Ironically, Juan Antonio Bardem (1922-2002) might be better known today as the uncle of actor Javier Bardem than as the master of sound and image that he is. Antifascist filmmakers who stuck around during Franco’s reign are often forgotten outside Spain — unlike Luis Buñuel, who came back just long enough to make a few films and then left again. A communist, Bardem stayed, struggled, and was jailed more than once; he was in prison when he won an award at Cannes for this creepy, claustrophobic 1955 melodrama. An adulterous couple (Alberto Closas and Lucia Bose) in a country-club milieu accidentally run over a cyclist and flee out of fear that their relationship will be revealed; their guilty paranoia opens many sores while awakening the man’s social conscience. As in Bardem’s still greater Calle Mayor (1956), Death of a Cyclist follows the antifascist strategy Henri-Georges Clouzot used in Le Corbeau for Vichy-era France, transposing the ugliness of power relations in a repressive society to the spheres of sex and gossip. In Spanish with subtitles. 99 min. a Wed 1/24, 5:30 PM, and Thu 1/25, 9:40 PM, Music Box.
Monthly Archives: April 2017
From the April 2017 Sight and Sound. — J.R.
FILM IS LIKE A BATTLEGROUND
Sam Fuller’s War Movies
By Marsha Gordon. Oxford University Press, 314 pp. £24.07, ISBN 9780190269753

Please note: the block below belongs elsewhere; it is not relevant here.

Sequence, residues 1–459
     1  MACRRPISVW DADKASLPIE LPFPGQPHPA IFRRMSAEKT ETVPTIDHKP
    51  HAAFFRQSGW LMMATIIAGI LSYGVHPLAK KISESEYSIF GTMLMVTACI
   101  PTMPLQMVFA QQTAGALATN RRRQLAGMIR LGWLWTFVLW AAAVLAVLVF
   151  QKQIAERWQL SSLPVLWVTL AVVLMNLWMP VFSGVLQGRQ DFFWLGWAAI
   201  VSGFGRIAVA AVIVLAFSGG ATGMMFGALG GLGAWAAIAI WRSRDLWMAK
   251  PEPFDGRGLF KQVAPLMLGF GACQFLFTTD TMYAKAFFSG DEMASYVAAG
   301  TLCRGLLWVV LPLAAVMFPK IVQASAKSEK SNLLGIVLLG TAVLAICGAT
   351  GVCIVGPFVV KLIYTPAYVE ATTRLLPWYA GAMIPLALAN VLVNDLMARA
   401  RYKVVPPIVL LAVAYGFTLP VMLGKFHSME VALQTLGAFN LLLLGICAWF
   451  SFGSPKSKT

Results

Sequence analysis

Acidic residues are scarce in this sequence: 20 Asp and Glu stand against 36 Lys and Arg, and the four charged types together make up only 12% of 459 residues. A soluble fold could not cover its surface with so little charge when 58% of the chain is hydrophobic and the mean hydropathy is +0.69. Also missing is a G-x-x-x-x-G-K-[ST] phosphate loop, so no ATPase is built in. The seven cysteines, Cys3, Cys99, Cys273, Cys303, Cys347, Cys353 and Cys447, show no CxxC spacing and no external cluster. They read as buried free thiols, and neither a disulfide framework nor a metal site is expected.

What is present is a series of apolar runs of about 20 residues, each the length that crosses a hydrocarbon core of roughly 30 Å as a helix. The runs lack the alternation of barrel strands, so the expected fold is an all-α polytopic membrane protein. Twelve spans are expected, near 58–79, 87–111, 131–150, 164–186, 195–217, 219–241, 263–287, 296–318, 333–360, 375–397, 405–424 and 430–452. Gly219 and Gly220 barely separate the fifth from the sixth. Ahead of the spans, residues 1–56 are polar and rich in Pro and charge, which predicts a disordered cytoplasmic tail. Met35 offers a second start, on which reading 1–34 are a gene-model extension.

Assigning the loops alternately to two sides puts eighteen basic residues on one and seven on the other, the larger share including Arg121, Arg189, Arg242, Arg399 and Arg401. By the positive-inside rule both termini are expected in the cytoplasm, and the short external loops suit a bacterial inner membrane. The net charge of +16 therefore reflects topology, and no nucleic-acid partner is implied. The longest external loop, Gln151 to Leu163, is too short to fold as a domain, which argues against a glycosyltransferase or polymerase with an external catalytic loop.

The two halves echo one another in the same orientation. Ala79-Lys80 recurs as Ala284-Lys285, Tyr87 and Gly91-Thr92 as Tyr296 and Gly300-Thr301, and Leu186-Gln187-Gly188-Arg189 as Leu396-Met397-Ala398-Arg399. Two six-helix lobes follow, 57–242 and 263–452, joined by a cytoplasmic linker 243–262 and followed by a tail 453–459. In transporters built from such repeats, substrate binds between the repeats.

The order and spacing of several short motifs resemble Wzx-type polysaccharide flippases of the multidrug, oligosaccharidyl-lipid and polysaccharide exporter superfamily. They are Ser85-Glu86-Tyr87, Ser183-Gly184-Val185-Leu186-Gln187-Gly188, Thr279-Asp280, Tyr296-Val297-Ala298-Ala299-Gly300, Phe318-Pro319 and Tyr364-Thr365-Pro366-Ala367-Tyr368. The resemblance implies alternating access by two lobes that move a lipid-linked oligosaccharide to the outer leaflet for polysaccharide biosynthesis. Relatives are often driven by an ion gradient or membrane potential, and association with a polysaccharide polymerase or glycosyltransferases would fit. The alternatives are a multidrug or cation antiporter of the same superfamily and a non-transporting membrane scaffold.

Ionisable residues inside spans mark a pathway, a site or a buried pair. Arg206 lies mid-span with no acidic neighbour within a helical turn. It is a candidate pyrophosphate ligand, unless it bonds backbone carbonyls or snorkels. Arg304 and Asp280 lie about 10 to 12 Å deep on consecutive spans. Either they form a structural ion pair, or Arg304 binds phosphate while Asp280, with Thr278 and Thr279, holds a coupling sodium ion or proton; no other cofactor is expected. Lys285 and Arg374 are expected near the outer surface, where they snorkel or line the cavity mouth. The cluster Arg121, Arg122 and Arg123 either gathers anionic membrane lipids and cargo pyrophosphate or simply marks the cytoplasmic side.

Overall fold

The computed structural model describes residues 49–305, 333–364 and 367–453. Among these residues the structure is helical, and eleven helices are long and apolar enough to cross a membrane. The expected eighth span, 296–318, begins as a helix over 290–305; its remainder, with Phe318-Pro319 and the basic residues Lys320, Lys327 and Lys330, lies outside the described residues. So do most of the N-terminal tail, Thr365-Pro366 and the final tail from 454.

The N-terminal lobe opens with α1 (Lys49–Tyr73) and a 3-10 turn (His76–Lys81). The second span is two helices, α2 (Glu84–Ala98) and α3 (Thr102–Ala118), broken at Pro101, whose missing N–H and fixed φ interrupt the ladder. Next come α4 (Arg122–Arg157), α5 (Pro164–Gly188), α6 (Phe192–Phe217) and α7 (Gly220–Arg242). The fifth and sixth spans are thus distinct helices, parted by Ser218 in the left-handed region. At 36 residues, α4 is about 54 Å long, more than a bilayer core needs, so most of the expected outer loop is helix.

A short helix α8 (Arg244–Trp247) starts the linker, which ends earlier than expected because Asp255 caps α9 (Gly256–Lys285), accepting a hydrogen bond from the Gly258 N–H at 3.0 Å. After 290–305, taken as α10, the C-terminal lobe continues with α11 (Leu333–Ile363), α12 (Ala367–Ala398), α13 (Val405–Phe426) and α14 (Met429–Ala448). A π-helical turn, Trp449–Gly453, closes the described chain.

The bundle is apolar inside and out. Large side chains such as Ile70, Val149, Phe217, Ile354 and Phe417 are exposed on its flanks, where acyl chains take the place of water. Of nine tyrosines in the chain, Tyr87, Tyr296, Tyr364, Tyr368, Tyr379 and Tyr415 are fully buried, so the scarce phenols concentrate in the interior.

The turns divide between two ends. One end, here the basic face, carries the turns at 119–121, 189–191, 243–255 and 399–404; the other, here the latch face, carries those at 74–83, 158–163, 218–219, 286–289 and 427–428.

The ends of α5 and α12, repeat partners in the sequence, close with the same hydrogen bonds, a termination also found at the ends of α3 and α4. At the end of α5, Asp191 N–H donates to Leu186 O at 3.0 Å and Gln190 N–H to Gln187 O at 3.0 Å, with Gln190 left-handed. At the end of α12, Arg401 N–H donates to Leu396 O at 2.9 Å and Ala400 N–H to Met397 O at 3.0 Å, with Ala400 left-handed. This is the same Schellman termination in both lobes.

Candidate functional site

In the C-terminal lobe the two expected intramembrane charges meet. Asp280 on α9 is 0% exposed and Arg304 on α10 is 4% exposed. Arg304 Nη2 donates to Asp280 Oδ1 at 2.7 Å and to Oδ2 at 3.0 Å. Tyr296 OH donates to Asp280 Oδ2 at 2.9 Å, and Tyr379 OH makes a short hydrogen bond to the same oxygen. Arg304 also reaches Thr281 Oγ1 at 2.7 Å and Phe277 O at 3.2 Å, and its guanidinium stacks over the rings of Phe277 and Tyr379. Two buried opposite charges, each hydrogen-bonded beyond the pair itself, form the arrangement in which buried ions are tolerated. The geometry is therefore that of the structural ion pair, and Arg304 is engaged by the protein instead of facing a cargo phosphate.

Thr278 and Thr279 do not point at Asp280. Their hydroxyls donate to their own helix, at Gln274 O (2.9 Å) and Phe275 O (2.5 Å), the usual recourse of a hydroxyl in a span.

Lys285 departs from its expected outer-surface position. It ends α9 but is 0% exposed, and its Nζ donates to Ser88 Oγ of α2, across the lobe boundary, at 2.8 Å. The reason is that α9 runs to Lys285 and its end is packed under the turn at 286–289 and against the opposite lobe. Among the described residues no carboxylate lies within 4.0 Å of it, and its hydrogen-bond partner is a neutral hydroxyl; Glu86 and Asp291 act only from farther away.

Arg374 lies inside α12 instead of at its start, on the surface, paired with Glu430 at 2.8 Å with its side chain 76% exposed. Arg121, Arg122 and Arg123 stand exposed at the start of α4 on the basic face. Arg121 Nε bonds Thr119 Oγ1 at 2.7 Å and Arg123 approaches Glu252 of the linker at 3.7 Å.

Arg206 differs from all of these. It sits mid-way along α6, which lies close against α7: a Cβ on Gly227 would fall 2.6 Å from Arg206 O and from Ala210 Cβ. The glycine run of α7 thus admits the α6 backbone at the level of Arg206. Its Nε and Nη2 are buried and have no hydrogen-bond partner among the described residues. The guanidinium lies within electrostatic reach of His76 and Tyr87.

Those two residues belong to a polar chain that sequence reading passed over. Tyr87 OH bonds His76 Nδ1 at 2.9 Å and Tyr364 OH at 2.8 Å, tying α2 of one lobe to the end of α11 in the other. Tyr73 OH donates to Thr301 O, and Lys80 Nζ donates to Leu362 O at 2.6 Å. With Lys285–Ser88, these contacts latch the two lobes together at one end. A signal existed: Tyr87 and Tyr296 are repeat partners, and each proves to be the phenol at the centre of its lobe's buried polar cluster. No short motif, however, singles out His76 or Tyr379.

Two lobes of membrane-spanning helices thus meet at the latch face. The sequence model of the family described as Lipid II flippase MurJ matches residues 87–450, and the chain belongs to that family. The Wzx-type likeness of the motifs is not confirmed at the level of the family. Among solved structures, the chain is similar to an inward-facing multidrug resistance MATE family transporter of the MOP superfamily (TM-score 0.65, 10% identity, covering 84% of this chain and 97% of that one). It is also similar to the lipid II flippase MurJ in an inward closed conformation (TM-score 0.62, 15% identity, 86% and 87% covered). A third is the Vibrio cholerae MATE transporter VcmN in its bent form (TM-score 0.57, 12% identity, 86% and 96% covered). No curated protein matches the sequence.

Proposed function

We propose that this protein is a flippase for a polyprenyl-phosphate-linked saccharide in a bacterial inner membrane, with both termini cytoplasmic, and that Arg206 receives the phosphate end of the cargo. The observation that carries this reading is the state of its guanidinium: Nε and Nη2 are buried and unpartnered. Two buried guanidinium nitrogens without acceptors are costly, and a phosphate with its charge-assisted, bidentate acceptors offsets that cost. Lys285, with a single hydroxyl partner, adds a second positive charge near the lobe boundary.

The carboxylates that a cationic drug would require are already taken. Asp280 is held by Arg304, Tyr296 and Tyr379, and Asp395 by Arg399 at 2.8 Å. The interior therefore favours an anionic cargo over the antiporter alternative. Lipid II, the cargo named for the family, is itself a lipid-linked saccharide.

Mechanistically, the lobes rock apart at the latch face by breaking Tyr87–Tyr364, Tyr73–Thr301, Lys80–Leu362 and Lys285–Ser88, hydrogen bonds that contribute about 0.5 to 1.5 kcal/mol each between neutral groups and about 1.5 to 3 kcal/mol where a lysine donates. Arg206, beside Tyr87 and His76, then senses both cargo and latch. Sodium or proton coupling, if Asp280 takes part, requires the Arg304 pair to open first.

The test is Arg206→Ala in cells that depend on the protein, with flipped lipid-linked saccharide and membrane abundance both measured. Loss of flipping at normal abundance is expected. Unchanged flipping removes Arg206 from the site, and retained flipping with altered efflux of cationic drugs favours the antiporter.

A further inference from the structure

Reviewed by Jonathan Rosenbaum
Some Samuel Fuller fans may find it surprising that
the two most substantial academic studies of him so
far have both been by women—Lisa Dombrowski’s 2008
The Films of Samuel Fuller: If You Die, I’ll Kill You! and
now Marsha Gordon’s more specialised volume. But for
anyone lucky enough to have known Fuller personally,
isn’t surprising at all. An unabashed feminist whose
feisty mother remained a key figure for him, Fuller
confounded macho stereotypes as much as those
associated with familiar ideological and Hollywood
patterns, even while remaining a feverish self-mythologizer.
Gordon’s principal strength is as a researcher, and her access to such items as Fuller’s letters home and diaries during his wartime service and some of his lesser-known publications, productions, and projects (such as a 1944 magazine story, an unsold 1959 TV pilot called Dogface with some striking anticipations of his White Dog, and his subsequent unrealized screenplay The Rifle) allows her to treat her elected subject with a great deal of thoroughness.… Read more »